Imagine if Bill Gates, Thomas Edison, Henry Ford and Oprah Winfrey had become lawyers. We’d be handwriting our opening statements by candlelight and packing our briefcases in saddlebags, and, perhaps, we wouldn’t know what books merited our reading time. Each of these colorful geniuses would have become grayer, duller and indistinguishable from one another. 
This is, essentially, what happens in law school. We collect some of the greatest minds in the country, strip them of their unique brand of intellect and tell them only one thing matters: thinking like a lawyer. Or maybe two things: thinking like a lawyer and finishing in the top 10% of their class. And then we wonder why law students and young lawyers as a group are depressed, disillusioned and dissatisfied. 
Studies repeatedly show that first year law students arrive with excitement, well-being and passion for a law career. According to Lawrence S. Krieger, who along with Kennon M. Sheldon, conducted the most recent study: “the overall law school experience is likely to have an undermining effect on professionalism and career/life satisfaction.” Law graduates are significantly different people from those who arrived to begin law school. “They are more depressed, less service oriented, and more inclined toward undesirable, superficial goals and values.” 
For over one hundred years, law schools have taught students “the science of law” using the “Socratic method.” Law schools have bragged about teaching students to “think like a lawyer.” I fly almost every week and I sometimes imagine how I would feel if the best that could be said about my pilot’s training is that he or she was taught to “think like a pilot.” I want my pilot to learn how to fly the plane, not just think like a pilot. The “art of being a good lawyer” is all about relationships. According to law professor Daisy Hurst Floyd, “legal education devalues relationships.” I believe most clients would prefer that law students learn how to actually be a lawyer rather than just to think like one. They probably would be even more pleased if law students were taught to also “think like a client.”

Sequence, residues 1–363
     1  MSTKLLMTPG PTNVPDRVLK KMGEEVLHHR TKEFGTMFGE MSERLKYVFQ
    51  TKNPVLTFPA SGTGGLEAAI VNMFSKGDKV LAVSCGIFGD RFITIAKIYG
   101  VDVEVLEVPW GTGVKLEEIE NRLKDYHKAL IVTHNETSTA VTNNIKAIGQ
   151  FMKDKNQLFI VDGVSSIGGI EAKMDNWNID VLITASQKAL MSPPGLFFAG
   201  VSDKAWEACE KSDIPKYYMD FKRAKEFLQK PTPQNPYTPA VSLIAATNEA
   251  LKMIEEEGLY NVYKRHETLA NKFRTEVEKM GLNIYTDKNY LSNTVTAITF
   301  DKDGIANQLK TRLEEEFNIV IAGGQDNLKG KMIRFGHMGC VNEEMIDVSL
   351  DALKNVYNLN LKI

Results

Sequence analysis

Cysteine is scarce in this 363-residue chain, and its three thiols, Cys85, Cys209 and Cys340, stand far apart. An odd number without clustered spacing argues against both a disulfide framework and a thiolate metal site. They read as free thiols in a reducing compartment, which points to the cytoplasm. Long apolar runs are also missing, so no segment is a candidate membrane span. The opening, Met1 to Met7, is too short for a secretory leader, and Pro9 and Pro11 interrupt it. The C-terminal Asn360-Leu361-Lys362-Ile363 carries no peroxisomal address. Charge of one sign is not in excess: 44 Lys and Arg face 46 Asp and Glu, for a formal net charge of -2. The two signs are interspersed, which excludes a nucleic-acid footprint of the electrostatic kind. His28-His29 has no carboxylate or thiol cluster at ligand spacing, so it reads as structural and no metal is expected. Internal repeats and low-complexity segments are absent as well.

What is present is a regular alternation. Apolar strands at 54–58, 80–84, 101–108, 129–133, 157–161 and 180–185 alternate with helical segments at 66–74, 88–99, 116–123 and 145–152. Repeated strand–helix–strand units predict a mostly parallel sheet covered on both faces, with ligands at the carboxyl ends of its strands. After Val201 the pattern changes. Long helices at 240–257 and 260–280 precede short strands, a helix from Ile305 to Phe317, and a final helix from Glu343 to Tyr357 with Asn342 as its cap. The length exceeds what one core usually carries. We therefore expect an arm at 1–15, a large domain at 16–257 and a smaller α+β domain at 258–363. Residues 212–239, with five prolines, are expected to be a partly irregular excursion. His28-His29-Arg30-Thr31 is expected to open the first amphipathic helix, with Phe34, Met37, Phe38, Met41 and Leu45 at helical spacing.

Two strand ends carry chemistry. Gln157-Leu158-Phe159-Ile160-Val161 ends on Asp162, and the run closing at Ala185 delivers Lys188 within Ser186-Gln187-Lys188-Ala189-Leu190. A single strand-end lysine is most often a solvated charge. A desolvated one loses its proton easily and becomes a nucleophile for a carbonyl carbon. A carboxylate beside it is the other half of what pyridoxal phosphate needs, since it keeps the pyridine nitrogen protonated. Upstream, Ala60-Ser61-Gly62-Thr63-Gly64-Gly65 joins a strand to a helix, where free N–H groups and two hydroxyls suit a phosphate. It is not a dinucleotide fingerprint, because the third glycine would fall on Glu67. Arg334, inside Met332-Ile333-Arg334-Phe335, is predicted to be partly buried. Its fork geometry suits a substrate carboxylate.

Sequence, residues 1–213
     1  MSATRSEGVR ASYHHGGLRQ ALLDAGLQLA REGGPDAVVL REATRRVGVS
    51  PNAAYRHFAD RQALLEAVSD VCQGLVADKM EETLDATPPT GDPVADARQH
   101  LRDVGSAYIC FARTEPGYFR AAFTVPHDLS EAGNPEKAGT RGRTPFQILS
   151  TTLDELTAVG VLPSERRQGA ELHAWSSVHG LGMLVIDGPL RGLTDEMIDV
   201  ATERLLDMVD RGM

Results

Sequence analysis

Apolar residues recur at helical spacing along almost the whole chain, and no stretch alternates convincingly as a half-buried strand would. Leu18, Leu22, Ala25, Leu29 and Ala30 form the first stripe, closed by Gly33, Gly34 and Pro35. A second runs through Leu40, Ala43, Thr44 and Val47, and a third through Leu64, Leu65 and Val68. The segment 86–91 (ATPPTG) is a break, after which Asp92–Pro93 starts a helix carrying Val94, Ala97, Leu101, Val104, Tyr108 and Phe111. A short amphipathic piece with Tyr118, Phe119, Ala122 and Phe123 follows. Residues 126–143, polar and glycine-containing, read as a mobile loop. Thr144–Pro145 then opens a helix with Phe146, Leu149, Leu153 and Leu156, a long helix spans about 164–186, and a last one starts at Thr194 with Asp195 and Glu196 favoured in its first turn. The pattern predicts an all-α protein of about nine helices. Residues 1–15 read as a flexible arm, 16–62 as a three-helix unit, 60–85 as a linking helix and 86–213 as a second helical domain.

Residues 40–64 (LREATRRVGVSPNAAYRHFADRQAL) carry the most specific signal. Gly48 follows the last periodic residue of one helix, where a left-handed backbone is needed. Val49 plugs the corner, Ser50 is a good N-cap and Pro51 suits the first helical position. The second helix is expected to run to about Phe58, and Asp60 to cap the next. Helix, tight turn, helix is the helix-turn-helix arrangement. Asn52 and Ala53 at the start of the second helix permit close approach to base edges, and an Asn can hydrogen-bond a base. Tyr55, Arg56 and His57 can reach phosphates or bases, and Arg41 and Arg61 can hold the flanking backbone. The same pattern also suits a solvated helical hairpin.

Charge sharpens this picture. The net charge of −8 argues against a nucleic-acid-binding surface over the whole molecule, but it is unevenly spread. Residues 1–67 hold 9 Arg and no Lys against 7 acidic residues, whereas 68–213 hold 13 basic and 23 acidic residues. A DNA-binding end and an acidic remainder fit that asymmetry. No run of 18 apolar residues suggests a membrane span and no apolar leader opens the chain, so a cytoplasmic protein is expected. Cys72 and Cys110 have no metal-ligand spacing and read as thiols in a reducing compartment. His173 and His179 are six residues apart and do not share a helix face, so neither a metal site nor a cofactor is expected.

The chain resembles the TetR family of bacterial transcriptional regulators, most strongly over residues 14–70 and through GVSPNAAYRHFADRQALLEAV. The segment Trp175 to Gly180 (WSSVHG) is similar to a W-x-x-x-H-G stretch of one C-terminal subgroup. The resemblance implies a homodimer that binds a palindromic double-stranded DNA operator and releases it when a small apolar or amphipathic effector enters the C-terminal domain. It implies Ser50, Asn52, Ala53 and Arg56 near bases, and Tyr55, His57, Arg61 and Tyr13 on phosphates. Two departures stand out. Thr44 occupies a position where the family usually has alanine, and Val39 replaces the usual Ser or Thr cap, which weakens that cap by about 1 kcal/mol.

So, many law graduates arrive at their law firms already disillusioned about their decision to become a lawyer and stressed out over their future. At many large law firms, they quickly conclude that only one thing matters: Their billable hours. They become further disillusioned when they are assigned to a team sent to a warehouse for “document review.” The good news is they get to record lots of billable hours, spending 14 hours a day in a warehouse. The bad news is they get further away from the dream they once had when they decided they wanted to be a lawyer. As one anonymous young lawyer wrote in a D Magazine article: “Associates want a sense of Purpose from the practice of law. But, you can’t find Purpose in the library or the warehouse doing document review.” 
And then we wonder why lawyers as a group are depressed, disillusioned and dissatisfied. And why the clients we represent neither like nor respect us very much. 
Law school teaches that intrinsic values, purpose and passion doesn’t matter, and many large law firms teach that having intrinsic values, purpose and passion doesn’t pay. And both teach that goals are nothing more than extrinsic numbers: test scores, billable hours, associate salaries and profits per partner. When recruiters search for new talent, they rate candidates by their pedigree: school and class rank without considering emotional intelligence, core values, individual talent or interest. 
There has to be – and, fortunately, there is a better way. We can encourage law students to follow their passions and to realize them by focusing on purpose, vision, core values, goals, plans and execution. We can teach them what it is like to be a lawyer and how to serve clients. We can teach elements of emotional intelligence. In this way we will be focusing on the whole person and better prepare law students for their future careers.